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Solar-Powered Water Purifier Could Boost Water Security in Developing Regions

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BUFFALO, N.Y., Feb. 3, 2017 — A solar still about the size of a mini-refrigerator, made from polystyrene foam and porous paper coated in carbon, could provide inexpensive, efficient access to clean water in developing regions and regions affected by natural disasters.

University of Buffalo solar still
This is a floating solar still prototype that researchers used for some of experiments. Courtesy of University at Buffalo.

A research team at the University at Buffalo has built a device called a “solar vapor generator,” which cleans and/or desalinates water using heat converted from sunlight. As the sun evaporates the water, the liquid transitions to a gaseous state, leaving bacteria, salt and other elements behind. When the water vapor cools it returns to a liquid state, where it is collected in a separate container, minus contaminants.

"People lacking adequate drinking water have employed solar stills for years, however, these devices are inefficient," said researcher Haomin Song. "For example, many devices lose valuable heat energy due to heating the bulk liquid during the evaporation process. Meanwhile, systems that require optical concentrators, such as mirrors and lenses, to concentrate the sunlight are costly."

The researchers addressed these issues by using low-cost materials that work together efficiently. The polystyrene plastic provides excellent thermal insulation. The porous paper absorbs water, while the carbon black used to coat the paper absorbs sunlight and transforms it into heat used during evaporation.

"Using extremely low-cost materials, we have been able to create a system that makes near maximum use of the solar energy during evaporation. At the same time, we are minimizing the amount of heat loss during this process," said researcher Qiaoqiang Gan.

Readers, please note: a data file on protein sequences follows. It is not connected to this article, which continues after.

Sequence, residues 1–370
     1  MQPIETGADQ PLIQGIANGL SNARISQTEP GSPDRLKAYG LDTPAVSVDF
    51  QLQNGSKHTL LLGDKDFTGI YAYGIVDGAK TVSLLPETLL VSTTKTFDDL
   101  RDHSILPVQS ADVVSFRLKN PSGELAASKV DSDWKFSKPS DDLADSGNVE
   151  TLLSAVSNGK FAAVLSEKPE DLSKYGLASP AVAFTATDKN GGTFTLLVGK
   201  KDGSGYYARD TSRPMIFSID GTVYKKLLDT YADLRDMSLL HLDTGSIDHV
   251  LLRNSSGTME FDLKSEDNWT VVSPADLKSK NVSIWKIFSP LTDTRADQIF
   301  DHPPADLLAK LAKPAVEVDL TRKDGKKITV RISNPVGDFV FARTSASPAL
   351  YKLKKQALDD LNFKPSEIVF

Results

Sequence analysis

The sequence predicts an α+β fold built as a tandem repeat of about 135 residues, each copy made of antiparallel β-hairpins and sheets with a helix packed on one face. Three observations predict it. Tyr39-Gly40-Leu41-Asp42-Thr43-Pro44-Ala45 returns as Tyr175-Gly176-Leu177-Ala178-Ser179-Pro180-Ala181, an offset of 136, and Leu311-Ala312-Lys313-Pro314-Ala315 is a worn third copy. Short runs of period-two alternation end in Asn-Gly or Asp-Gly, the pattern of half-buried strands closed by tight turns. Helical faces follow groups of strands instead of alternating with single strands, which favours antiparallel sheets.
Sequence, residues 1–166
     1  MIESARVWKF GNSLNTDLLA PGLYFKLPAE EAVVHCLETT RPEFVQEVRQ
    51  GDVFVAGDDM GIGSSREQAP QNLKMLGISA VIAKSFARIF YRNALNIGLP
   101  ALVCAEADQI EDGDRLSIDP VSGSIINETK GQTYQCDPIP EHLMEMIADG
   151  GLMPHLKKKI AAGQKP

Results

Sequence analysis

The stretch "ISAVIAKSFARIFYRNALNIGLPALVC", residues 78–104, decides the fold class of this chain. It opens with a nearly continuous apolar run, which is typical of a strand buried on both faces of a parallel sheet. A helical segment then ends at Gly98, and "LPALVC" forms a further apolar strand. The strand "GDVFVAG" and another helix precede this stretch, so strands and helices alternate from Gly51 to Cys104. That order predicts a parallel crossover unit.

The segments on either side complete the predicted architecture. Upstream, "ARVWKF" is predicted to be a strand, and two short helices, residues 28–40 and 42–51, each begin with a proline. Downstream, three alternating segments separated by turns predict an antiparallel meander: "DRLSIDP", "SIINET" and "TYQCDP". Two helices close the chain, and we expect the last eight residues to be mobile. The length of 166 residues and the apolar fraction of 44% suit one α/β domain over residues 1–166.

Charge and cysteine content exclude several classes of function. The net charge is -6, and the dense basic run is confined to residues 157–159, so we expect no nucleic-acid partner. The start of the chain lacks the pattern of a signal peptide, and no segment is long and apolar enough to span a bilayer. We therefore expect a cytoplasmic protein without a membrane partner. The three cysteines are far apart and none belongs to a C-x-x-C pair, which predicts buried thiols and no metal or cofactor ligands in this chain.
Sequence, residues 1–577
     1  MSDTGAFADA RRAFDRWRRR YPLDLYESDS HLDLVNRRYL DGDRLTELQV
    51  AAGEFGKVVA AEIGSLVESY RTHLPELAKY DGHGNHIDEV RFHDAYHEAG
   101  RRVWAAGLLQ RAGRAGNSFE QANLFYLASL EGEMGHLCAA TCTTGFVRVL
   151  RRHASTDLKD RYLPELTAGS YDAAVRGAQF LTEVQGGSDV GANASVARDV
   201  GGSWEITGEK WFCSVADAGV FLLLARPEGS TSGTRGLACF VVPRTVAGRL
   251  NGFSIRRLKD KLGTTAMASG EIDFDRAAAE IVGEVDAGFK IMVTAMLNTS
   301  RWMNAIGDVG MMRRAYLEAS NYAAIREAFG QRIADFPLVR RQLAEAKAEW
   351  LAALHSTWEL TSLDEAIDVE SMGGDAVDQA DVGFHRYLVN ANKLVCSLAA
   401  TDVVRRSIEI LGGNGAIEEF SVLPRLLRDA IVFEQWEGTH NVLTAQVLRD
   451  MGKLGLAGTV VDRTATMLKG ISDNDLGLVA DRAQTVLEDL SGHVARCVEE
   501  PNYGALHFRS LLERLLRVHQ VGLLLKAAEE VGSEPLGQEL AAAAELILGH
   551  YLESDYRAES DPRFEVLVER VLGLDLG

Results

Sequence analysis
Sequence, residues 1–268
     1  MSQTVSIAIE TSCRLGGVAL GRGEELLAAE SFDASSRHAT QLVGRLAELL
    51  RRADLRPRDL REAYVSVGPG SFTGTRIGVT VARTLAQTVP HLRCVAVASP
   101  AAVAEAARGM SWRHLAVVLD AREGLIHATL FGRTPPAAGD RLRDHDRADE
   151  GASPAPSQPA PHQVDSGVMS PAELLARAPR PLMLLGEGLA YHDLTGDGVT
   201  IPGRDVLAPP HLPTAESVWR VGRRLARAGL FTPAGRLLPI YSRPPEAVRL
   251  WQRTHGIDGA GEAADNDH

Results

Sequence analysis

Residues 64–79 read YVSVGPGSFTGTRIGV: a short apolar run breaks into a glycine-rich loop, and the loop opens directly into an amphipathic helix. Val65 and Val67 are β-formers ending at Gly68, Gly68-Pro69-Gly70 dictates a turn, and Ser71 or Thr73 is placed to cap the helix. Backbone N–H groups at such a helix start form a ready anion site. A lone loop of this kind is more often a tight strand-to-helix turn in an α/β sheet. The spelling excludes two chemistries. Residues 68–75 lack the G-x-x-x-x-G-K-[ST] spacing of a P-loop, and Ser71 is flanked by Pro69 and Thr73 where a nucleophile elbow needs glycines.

Based on test results, the researchers believe the still is capable of producing three to 10 liters of water per day, which would allow it to generate 2.4 times more freshwater than most commercial solar stills of similar size.

Materials for the solar still cost roughly $1.60 per square meter — a number that could decline if the materials were purchased in bulk. In contrast, systems that use optical concentrators can retail for more than $200 per square meter. If commercialized, the device's retail price could ultimately reduce a huge projected funding gap — $26 trillion worldwide between 2010 and 2030, according to the World Economic Forum — needed for water infrastructure upgrades.

University of Buffalo solar still applications
From the top left corner, moving clockwise, the four images depict: University at Buffalo students performing an experiment, clean drinking water, water evaporating, and black carbon wrapped around plastic in water with evaporated vapor on top evaporated water. Courtesy of University at Buffalo.

By simultaneously addressing both the need for high-efficiency operation and low production cost, the system could provide a way to purify water that would be particularly suitable for individuals in undeveloped regions with limited or no access to electricity.

"The solar still we are developing would be ideal for small communities, allowing people to generate their own drinking water much like they generate their own power via solar panels on their house roof," said researcher Zhejun Liu.

The research was published in Global Challenges (doi: 10.1002/gch2.201600003).
Feb 2017
Research & TechnologyAmericassolarlight sourcessolar stilldrinking water

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